Chinatown Declared a Nuisance!
The three-by-five-inch pamphlet, from the holdings of the Museum, was apparently
published in mid-
Isaac Smith Kalloch, nicknamed "Golden Voice," was born July 10, 1832, in East Thomaston, Maine. He came to San Francisco in 1875 because there were more wicked people of both sexes in San Francisco and he felt compelled by God to go and convert them.
He became the Workingmen's candidate for Mayor of San Francisco, and was shot by Charles De Young just before the election, which he won on a sympathy vote. During his administration (1879-1881), he was continually opposed by the Board of Supervisors and in 1880 there was an attempt to impeach him. He resigned as pastor of the Metropolitan Temple in July 1883, and moved to Whatcom, Washington, where he died December 9, 1887.
Jerome A. Hart, of the "Argonaut," wrote extensively of this period in his 1931 book "In Our Second Century." He detailed the power of Denis Kearney, founder of the Workingmen's Party, as well as the Rev. Kalloch. He also wrote of the attempted assassination of the Rev. Kalloch by Charles De Young of the "Chronicle," and De Young's subsequent murder at the hands of the Mayor's son.
The Workingmen split into two wings before the election of 1879, the Kearney wing being the more powerful. Then when Kearney made overtures to him to run for Mayor of San Francisco, Kalloch saw a great light, like Saul of Tarsus. In his Sunday evening "preludes" he ceased to denounce Kearney, and began supporting him. He ceased to praise the Chinese, and lifted up his voice in the Kearney slogan, "The Chinese Must Go."
One day, toward the end of the municipal campaign, De Young printed in the "Chronicle" several pages of scandalous matter concerning Kalloch's private life in the Eastern city whence the clergyman had come. On August 22, 1879, Kalloch announced that he would reply that evening at the Metropolitan Temple, and the city buzzed with excitement. I heard Kalloch's speech; it was a bitter denunciation of Charles De Young and his family. It was inexcusable--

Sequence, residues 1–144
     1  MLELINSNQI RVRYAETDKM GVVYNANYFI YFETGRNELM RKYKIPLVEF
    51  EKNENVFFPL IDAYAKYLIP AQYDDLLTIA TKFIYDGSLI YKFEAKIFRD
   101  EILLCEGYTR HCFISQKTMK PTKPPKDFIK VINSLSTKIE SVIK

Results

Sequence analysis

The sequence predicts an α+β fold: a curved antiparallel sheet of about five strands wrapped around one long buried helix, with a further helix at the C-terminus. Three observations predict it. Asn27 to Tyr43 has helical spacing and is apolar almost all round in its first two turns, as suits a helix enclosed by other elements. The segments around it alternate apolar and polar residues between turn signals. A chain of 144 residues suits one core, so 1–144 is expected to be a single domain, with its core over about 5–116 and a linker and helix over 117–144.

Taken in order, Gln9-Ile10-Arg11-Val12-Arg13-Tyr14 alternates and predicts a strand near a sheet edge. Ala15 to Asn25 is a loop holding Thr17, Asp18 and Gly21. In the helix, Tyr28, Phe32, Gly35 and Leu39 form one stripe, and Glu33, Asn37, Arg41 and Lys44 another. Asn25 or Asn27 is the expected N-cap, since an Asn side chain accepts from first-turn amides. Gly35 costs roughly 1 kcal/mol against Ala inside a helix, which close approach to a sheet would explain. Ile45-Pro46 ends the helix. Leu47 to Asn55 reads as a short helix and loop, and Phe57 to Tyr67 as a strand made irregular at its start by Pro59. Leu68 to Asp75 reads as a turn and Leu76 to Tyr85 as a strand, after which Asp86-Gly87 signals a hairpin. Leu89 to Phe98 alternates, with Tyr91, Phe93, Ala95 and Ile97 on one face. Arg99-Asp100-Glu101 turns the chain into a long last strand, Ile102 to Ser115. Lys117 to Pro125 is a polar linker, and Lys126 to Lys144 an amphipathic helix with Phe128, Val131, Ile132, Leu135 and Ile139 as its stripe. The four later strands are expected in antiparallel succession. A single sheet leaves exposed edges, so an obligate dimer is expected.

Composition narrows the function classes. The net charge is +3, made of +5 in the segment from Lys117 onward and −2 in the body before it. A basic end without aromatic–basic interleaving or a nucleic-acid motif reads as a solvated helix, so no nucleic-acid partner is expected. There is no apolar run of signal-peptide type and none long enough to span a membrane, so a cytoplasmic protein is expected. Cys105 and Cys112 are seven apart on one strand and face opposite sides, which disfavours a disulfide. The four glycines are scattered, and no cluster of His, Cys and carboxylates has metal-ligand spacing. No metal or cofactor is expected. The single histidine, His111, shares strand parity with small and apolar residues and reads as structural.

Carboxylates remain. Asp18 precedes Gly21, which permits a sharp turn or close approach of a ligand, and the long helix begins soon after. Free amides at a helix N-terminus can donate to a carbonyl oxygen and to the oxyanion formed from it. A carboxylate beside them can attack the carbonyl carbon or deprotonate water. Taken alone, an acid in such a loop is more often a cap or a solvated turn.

unjustifiable; but so was Charles De Young's attack. The following day (August 23, 1879) De Young drove in a carriage to the Metropolitan Temple, where Kalloch had his "study," and sent in a messenger to Kalloch, telling him that someone outside wanted to see him. It was rumored at the time that the message was "a lady wanted to see him." This was likely true, for Kalloch would probably not have come out into the street to see an unnamed man in a carriage during that bitter campaign; the "lady" message probably lulled his suspicions. When Kalloch neared the carriage De Young fired, wounding Kalloch severely. A mob gathered, from which De Young was rescued with some difficulty, and taken to jail. For several days the authorities feared trouble, and the police were on special duty awaiting a possible riot call.
The Workingmen's Party pamphlet is divided into four nominal sections:
Page 1 is the title page, undated, and lists the contents:
- Introduction -- The "New Grant Boom" of the Republican Party.
- Board of Health.
- Mayor I.S. Kalloch.
- The Workingmen's Part of California.
Page 2 is the introduction, signed by "The Committee," assumed to be the Workingmen's Party committee, that inspected Chinatown. The national Republican Party, as well as the governor of California and the legislature, are attacked for refusal to "listen to the complaints of their constituents regarding the Chinese." This page is dated March 10, 1880.
Page 3 is the resolution that condemned Chinatown as a health hazard. It is addressed to the Board of Health of the City and County of San Francisco, and detailed the committee's inspection of Chinatown, and its adoption of the condemnation resolution. Mayor Kalloch is listed as one of the members of the investigating committee.
Page 6 is Mayor Kalloch's address at the Metropolitan Temple, then located on Fifth Street between Mission and Jessie streets. Jerome A. Hart, in his chapter on "The Kearny-Kalloch Epoch," gives extensive background on the timeframe of this speech, and the underlying political situation in San Francisco. This chapter of Hart's book should be read to put Mayor Kalloch's speech in context.
Kalloch, in his undated "prelude," detailed his troubles with the Board of Supervisors and the news media, and gives his views on why he was shot by "Chronicle" publisher Charles De Young. This "prelude" is believed to also date from March 1880. The Mayor also denounced Frank Pixley,publisher of the "Argonaut," as well as Charles De Young, and gave rationale to Kalloch's view that "The Chinese must go, 'peacefully if we can, forcibly, if we must.' The Asiatic invasion must be stopped; and if trouble comes in consequence of this determination, it will not come as our opponents desire or plan."
Page 12 contains the last few paragraphs of Mayor Kalloch's
speech, and begins the "Memorial on Chinatown," by an
investigating committee of the Anti-
This document is an overview of the social and moral conditions in Chinatown as seen by the council. It also criticized the San Francisco Police Department and the Patrol Specials for taking bribes from Chinese merchants to "not disturb their (Chinese) mode of living."
Page 14 contains an "Itemized Report of Nuisances in Chinatown." This portion of the pamphlet is highly critical of sanitary conditions along Dupont Street, now Grant Avenue, and gives the addresses of houses of prostitution.